NARA Invites Comments on Ancestry, Fold3 Agreement

The National Archives & Records Administration wants comments on its relationship with Fold3 and Ancestry.com. “NARA has enjoyed a successful partnership with Ancestry since 2008. NARA has also partnered with Fold3, Ancestry’s sister site, since 2007. In the month of June alone, NARA records received 8.8 million views on Ancestry.com, and 2.5 million views on Fold3.com. We are renewing our partnership agreement with Ancestry.com and Fold3.com, and welcome public feedback.” Judging from my e-mail many of you have… ahem.. strong feelings about Ancestry…

2 thoughts on “NARA Invites Comments on Ancestry, Fold3 Agreement

  1. I’m puzzled by these two items in the proposed agreement, which appear to me at least somewhat contradictory:
    1) “NARA will have the latitude to recover almost any cost associated with supporting Partners.” and 2) “The updated agreement provides NARA the right to not recover costs from Partners. NARA will spell out all cost recovery in the project plan.” What do those items mean? Will NARA be seeking to recover costs or not? Why wouldn’t NARA insist on recovering costs? Why isn’t this clearer in the proposed contract?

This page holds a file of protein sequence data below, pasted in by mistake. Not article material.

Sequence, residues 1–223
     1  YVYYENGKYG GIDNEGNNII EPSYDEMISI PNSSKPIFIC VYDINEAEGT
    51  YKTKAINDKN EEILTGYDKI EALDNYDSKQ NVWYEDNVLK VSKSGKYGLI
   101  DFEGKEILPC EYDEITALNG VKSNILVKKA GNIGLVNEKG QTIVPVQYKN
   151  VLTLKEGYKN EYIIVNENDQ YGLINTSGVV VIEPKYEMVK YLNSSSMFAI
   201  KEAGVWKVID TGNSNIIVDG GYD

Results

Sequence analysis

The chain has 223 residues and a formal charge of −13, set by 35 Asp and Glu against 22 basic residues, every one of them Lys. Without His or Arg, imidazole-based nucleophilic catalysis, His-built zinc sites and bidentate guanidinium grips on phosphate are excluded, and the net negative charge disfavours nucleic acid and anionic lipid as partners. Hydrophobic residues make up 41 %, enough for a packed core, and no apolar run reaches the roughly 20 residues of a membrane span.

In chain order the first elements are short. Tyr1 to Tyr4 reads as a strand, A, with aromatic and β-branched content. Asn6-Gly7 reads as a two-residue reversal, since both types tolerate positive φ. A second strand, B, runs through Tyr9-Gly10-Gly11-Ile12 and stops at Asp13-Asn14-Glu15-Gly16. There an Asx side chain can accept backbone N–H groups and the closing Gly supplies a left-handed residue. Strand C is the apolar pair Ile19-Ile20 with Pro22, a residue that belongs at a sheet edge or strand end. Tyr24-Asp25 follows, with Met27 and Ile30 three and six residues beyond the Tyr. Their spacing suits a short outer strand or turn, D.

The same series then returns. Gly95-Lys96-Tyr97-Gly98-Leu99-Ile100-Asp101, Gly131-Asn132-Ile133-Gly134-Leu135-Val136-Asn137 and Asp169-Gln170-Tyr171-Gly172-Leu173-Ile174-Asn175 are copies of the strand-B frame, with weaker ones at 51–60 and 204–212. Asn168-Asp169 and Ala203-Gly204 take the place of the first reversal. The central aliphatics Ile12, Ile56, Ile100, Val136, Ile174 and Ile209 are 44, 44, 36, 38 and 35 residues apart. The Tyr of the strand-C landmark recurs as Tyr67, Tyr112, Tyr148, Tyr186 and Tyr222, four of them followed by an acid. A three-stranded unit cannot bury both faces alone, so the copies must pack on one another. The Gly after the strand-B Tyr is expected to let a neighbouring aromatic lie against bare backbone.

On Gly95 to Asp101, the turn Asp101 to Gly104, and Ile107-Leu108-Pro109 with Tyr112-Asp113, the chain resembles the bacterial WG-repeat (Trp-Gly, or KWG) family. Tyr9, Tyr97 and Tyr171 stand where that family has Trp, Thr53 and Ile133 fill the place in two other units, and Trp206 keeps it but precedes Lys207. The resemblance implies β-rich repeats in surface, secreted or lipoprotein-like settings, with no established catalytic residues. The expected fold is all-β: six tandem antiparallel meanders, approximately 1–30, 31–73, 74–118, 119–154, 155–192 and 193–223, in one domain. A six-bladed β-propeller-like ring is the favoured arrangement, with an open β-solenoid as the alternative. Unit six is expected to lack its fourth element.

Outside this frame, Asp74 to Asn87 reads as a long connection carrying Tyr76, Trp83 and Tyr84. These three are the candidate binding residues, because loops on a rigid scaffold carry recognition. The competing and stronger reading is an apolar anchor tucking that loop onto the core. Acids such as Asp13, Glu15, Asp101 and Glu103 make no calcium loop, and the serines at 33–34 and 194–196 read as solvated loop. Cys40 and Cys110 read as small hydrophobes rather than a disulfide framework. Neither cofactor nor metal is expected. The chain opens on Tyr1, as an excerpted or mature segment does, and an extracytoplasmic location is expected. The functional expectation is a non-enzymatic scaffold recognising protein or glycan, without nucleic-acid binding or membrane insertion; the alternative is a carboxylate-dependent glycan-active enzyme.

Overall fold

One omission, it seems to me, is any discussion of quality control (unless I completely missed it). Shouldn’t NARA require contractual commitments for such control to ensure high indexing and other standards? And shouldn’t NARA recover the costs incurred to provide such control?

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  2. My clients and I have greatly benefited by the partnerships with Ancestry and Fold3. I am concerned about two issues.

    First, Is there proper supervision of scanning personnel from Ancestry? I have learned that the new “HUB” leaves the scanning to researchers and, of course, they are more than happy to do it. However, is there any supervision? Since these files are placed on the public website, how do we know that every page was scanned and in the order they were originally placed in files.(Regardless of whether that is the correct order.) In the larger scenario, are Ancestry personnel trained to ensure that the entire file (or other entity) is included?

    Second, there is the question of exactly what NARA is absorbing in costs. While I want/need the documents on an accessible website, Ancestry is the one making a profit here. I find the language muddled when it comes to recovery costs.

    The contract seems to be slightly biased in Ancestry’s favor. Not heavily, but there is enough ambiguity that I believe that NARA would do well to have a GOOD contract lawyer look at this contract before signing.

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